Hepatitis B Blood Tests
The “Hepatitis B Panel” of Blood Tests
Only one sample of blood is needed for a hepatitis B blood test, but the “Hepatitis B Panel” includes three parts. All three test results are needed to fully understand whether a person is infected or not. Below is an explanation of the 3-part “Hepatitis B Panel” of blood test results.
- HBsAg (Hepatitis B surface antigen) - A "positive" or "reactive" HBsAg test result means that the person is infected with hepatitis B. This test can detect the actual presence of the hepatitis B virus (called the “surface antigen”) in your blood. If a person tests “positive,” then further testing is needed to determine if this is a new “acute” infection or a “chronic” hepatitis B infection. A positive HBsAg test result means that you are infected and can spread the hepatitis B virus to others through your blood.
- anti-HBs or HBsAb (Hepatitis B surface antibody) - A "positive" or "reactive" anti-HBs (or HBsAb) test result indicates that a person is protected against the hepatitis B virus. This protection can be the result of receiving the hepatitis B vaccine or successfully recovering from a past hepatitis B infection. This test is not routinely included in blood bank screenings. A positive anti-HBs (or HBsAb) test result means you are “immune” and protected against the hepatitis B virus and cannot be infected. You are not infected and cannot spread hepatitis B to others.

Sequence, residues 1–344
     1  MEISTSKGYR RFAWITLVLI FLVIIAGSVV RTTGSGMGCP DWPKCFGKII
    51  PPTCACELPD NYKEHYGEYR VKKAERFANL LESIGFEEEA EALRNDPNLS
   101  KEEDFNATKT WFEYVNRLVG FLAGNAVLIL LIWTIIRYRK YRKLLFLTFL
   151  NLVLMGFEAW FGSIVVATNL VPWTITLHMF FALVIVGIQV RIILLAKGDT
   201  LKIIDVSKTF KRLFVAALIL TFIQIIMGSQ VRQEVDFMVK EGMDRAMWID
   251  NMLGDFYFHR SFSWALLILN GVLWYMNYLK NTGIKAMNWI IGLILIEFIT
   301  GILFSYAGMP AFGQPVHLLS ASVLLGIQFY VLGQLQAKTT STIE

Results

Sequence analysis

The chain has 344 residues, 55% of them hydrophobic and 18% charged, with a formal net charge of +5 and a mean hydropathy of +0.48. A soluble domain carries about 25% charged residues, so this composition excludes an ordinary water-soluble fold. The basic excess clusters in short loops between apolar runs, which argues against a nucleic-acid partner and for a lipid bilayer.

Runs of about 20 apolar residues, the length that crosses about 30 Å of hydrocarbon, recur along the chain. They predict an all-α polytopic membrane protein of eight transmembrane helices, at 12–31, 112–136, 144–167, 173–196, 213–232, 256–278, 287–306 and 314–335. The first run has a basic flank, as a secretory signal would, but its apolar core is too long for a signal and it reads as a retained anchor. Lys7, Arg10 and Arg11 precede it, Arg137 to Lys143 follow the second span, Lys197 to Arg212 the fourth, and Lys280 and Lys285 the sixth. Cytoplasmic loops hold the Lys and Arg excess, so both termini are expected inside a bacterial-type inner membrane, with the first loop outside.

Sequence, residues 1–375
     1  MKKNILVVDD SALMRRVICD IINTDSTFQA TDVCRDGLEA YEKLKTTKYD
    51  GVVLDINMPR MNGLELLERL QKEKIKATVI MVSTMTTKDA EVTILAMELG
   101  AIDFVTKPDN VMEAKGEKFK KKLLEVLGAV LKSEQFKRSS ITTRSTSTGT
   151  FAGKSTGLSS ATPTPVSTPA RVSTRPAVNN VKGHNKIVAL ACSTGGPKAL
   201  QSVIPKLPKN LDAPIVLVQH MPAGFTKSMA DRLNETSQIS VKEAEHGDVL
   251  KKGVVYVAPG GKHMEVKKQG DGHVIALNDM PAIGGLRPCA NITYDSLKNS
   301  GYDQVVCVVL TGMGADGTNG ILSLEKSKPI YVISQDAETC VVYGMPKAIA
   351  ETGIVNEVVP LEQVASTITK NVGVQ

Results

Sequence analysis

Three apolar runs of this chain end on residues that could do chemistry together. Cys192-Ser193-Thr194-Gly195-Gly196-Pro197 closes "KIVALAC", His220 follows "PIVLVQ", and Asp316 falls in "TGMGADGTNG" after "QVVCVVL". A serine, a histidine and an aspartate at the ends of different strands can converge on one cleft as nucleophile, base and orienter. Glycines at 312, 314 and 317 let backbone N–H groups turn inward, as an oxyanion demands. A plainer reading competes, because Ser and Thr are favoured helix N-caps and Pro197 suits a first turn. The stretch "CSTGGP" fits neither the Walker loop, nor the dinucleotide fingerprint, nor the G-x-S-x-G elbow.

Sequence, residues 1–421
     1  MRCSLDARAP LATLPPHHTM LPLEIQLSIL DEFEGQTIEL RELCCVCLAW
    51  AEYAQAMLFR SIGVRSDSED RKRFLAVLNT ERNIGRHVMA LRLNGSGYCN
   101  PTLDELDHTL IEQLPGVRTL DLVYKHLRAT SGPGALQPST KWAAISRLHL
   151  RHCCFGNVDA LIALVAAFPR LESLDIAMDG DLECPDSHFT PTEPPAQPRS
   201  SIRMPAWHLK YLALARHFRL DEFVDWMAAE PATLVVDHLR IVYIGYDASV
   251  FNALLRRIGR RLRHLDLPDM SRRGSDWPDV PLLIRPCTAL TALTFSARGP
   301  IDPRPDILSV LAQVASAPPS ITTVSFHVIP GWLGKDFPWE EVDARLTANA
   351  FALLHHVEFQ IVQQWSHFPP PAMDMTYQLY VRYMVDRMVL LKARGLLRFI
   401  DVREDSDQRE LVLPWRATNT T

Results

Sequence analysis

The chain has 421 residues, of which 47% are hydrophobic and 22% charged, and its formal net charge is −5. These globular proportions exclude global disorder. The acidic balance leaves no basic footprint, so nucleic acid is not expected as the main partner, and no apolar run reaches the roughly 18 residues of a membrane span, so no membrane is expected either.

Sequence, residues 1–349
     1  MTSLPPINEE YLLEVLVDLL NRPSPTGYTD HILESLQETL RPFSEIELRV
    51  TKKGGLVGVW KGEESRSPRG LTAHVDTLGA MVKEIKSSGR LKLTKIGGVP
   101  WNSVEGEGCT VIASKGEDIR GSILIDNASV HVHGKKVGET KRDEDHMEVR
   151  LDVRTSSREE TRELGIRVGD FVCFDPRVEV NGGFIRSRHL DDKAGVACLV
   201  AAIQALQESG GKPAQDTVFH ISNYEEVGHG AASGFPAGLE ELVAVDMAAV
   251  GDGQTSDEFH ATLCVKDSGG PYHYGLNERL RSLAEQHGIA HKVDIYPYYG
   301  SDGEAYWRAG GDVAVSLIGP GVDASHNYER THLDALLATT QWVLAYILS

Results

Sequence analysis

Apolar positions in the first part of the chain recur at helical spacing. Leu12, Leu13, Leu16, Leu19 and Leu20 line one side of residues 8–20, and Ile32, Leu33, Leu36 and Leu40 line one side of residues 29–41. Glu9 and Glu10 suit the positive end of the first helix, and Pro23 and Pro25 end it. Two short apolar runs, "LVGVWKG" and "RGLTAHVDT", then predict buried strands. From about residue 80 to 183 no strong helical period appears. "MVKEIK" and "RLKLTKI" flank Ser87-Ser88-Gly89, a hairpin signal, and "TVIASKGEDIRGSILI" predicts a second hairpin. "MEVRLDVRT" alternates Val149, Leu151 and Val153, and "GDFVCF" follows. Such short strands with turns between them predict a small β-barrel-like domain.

- anti-HBc or HBcAb (Hepatitis B core antibody) - A "positive" or "reactive" anti-HBc (or HBcAb) test result indicates a past or current hepatitis B infection. The core antibody does not provide any protection against the hepatitis B virus (unlike the surface antibody described above). This test can only be fully understood by knowing the results of the first two tests (HBsAg and anti-HBs). A positive anti-HBc (or HBcAb) test result requires talking to your health care provider for a complete explanation of your hepatitis B status.